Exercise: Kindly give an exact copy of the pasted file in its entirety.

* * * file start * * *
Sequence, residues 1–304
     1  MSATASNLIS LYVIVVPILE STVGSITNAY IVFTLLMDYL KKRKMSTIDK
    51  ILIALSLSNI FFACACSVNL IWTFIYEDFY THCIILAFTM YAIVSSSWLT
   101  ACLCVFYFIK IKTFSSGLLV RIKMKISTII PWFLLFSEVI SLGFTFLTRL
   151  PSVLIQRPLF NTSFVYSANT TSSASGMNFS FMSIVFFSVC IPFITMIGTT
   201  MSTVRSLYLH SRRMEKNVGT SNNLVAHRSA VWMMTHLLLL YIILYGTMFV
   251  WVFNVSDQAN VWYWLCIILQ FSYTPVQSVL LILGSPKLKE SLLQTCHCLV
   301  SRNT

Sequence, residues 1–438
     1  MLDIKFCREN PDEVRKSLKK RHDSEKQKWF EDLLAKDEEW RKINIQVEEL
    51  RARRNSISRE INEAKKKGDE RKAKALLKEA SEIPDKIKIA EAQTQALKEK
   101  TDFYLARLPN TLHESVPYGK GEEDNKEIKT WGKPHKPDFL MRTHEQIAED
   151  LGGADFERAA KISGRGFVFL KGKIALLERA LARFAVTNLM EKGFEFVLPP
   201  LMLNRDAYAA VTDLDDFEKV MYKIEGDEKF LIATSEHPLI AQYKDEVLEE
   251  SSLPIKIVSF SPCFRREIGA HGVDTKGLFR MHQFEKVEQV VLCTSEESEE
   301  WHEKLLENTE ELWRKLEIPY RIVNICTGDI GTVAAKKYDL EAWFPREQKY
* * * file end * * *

Sequence, residues 1–304
     1  MSATASNLIS LYVIVVPILE STVGSITNAY IVFTLLMDYL KKRKMSTIDK
    51  ILIALSLSNI FFACACSVNL IWTFIYEDFY THCIILAFTM YAIVSSSWLT
   101  ACLCVFYFIK IKTFSSGLLV RIKMKISTII PWFLLFSEVI SLGFTFLTRL
   151  PSVLIQRPLF NTSFVYSANT TSSASGMNFS FMSIVFFSVC IPFITMIGTT
   201  MSTVRSLYLH SRRMEKNVGT SNNLVAHRSA VWMMTHLLLL YIILYGTMFV
   251  WVFNVSDQAN VWYWLCIILQ FSYTPVQSVL LILGSPKLKE SLLQTCHCLV
   301  SRNT

Sequence, residues 1–438
     1  MLDIKFCREN PDEVRKSLKK RHDSEKQKWF EDLLAKDEEW RKINIQVEEL
    51  RARRNSISRE INEAKKKGDE RKAKALLKEA SEIPDKIKIA EAQTQALKEK
   101  TDFYLARLPN TLHESVPYGK GEEDNKEIKT WGKPHKPDFL MRTHEQIAED
   151  LGGADFERAA KISGRGFVFL KGKIALLERA LARFAVTNLM EKGFEFVLPP
   201  LMLNRDAYAA VTDLDDFEKV MYKIEGDEKF LIATSEHPLI AQYKDEVLEE
   251  SSLPIKIVSF SPCFRREIGA HGVDTKGLFR MHQFEKVEQV VLCTSEESEE
   301  WHEKLLENTE ELWRKLEIPY RIVNICTGDI GTVAAKKYDL EAWFPREQKY